The Jerusalem Syndrome

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Having lived and worked there, I confess I am no great fan of the "Holy" Land or the "Holy" City. The phrase "snake pit" comes to mind rather more readily. And the words of a friend and former correspondent to Jerusalem for a major news outlet (that will go unmentioned) captured the experience rather nicely: "I have never been anywhere where everyone lied to you all the time the way they lie here."

But others are deeply drawn to the place, if not mesmerized. The phenomenon is so common, in fact, that it is called "the Jerusalem syndrome." Seemingly sane people disembark at Tel Aviv and, after kicking around in a pilgrimage site or two suddenly conclude that they are Elijah, Moses, or Mary—geographically in touch with their surroundings, but just a bit off chronologically and psychologically.

But there are at least two other forms of the Jerusalem syndrome that are not as easily diagnosed and for which there is no ready form of medication. One is a widespread, religious syndrome that advocates for foreign and political policy on the mistaken assumption that Jerusalem, the Holy Land, and the Jewish people lie at the heart of an apocalyptic tableau that cannot come to pass until the Temple in Jerusalem is restored and Israel rediscovers its ancient and Davidic borders.

I really have nothing to say about where God would care to take up residence in that great day (though, frankly, I'd recommend a less troubled neighborhood). But the flat-footed reading of the Old and New Testaments has led not a few Americans to conclude that in voting and contributing to political causes, this is and must be among the true Christian's duties. Sadly, that is not only demonstrably a misreading of almost all of the biblical texts in question, it is also a conviction that is manipulated by politicians and others on both sides of the world.

There is, however, (at least) one other form of the Jerusalem syndrome and it comes in two strains, one political and religious, the other simply political. And it is every bit as influential as the fundamentalist-dispensational strain described above. This one is characterized by a pendulum swing in convictions about the affairs of the Middle East. Well-meaning pilgrims visit Israel, bringing with them either no convictions about the region or the reflexively pro-Israeli views of some Americans and, then, after getting in touch with the contemporary situation, they become reflexively pro-Palestinian. Those who carry this brand of the syndrome sport the Palestinian flag, refuse to talk about Jesus being a Jew, and look askance at the inherited ignorance of those who have never been exposed to the realities of life in Gaza and the West Bank. And, like everyone who swings from one extreme to the other, they are not more sophisticated, but simply as reflexive in their views as they were before their conversion.

Now, sadly, I have no solution to offer for the Israeli-Palestinian peace process. If I did, I would quit my day job, take up miracle working, and walk on water for recreation. Having briefly lived with the conflict and having read fairly extensively about it, it is clear to me why classes on dispute resolution treat this as the acid case test for navigating conflict. Frankly, it is only the collapse of the Berlin Wall and the end of Apartheid that lead me to believe that a solution can be found.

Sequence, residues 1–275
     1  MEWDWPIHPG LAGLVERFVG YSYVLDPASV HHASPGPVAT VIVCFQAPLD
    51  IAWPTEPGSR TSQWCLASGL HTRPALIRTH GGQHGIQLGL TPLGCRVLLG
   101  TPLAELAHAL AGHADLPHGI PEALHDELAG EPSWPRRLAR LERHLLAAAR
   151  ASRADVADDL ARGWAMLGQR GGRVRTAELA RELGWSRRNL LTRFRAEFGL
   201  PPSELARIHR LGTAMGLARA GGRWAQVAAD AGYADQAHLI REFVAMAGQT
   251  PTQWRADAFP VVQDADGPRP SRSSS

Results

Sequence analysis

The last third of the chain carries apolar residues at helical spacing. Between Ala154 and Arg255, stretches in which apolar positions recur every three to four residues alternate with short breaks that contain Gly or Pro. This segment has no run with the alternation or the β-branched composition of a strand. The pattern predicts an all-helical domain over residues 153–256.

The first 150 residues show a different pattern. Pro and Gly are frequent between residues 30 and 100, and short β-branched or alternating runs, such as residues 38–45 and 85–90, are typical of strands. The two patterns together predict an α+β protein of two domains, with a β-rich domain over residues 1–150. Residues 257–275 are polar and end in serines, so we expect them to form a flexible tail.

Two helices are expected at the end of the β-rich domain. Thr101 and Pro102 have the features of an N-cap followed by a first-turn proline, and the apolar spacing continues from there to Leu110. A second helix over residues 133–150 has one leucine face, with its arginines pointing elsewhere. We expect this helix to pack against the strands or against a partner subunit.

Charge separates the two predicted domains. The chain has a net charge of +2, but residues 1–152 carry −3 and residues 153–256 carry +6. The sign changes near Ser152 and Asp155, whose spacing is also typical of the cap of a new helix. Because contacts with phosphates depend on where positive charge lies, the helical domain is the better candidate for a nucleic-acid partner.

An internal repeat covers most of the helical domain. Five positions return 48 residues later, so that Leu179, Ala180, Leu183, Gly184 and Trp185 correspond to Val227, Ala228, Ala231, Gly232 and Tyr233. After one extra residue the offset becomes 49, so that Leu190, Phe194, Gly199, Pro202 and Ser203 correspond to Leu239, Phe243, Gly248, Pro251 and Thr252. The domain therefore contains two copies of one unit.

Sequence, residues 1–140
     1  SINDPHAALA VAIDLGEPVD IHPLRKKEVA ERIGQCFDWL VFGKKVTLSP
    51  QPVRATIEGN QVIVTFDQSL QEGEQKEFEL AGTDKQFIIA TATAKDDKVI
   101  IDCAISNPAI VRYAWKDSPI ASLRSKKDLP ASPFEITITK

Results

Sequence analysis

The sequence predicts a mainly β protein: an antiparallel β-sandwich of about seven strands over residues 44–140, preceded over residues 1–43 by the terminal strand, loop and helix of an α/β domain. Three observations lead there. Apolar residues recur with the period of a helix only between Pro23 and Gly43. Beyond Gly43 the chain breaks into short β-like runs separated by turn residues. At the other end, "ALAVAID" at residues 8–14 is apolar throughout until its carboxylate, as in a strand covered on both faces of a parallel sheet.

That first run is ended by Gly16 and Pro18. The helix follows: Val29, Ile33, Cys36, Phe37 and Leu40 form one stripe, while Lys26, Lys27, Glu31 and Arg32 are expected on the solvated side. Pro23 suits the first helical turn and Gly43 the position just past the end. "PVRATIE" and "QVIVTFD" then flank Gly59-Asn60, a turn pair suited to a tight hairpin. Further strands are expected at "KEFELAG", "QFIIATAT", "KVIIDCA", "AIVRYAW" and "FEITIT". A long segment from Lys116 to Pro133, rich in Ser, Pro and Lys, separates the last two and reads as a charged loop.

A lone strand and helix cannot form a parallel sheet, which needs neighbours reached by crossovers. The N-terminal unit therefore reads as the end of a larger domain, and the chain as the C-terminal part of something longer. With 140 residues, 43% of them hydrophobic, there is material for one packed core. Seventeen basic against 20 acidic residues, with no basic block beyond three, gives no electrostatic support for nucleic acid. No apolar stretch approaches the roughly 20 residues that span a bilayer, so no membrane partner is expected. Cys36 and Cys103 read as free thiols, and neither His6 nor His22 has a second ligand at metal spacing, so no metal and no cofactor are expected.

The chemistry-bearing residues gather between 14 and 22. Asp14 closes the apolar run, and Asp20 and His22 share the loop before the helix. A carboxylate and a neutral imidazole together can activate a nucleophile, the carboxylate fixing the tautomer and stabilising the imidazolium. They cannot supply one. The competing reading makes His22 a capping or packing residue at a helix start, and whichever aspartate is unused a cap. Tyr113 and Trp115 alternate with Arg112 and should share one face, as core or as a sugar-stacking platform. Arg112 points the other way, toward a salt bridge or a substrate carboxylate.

What is certain, however, is that introducing one or more strains of the Jerusalem Syndrome into the debate does little to contribute to a solution. Such views—in both their religious and political forms—simply flatten and ignore the complexity of the situation in the name of the same zealotry that has made it impossible to foster peace. The syndrome has been around in various forms going back to the 11th century and it's time to isolate the disease.

Why is this is a spiritual issue? Christians live in the good world of God's creating and we are obligated to live intelligently and responsibly in the world entrusted to us. It is not enough to live out of simple (or, worse yet, simplistic) narratives developed whole-cloth out of abstractions that are uninformed by a knowledge of history and political realities. Far too often, Christians left and right comfort themselves with "being on the right side" of an issue. We are obliged to do far more. It is not enough to adopt the views of others and then wrap a thin Christian rationale around the thinking that others do. The Christians on both extremes in this debate have not always entered into the complexities to the degree that they could and must.

9/18/2011 4:00:00 AM
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  • Frederick Schmidt
    About Frederick Schmidt
    Frederick W. Schmidt is the author of The Dave Test: A Raw Look at Real Life in Hard Times (Abingdon Press: 2013) and several other books, including A Still Small Voice: Women, Ordination and the Church (Syracuse University Press, 1998), The Changing Face of God (Morehouse, 2000), When Suffering Persists (Morehouse, 2001), in Italian translation: Sofferenza, All ricerca di una riposta (Torino: Claudiana, 2004), What God Wants for Your Life (Harper, 2005), Conversations with Scripture: Revelation (Morehouse, 2005) and Conversations with Scripture: Luke (Morehouse, 2009). He holds the Rueben P. Job Chair in Spiritual Formation at Garrett-Evangelical Theological Seminary in Evanston, IL, and directs the Job Institute for Spiritual formation. He is an Episcopal Priest, spiritual director, retreat facilitator, conference leader, writer, and Consulting Editor at Church Publishing in New York. He and his wife, Natalie live in Chicago, Illinois. He can also be reached at: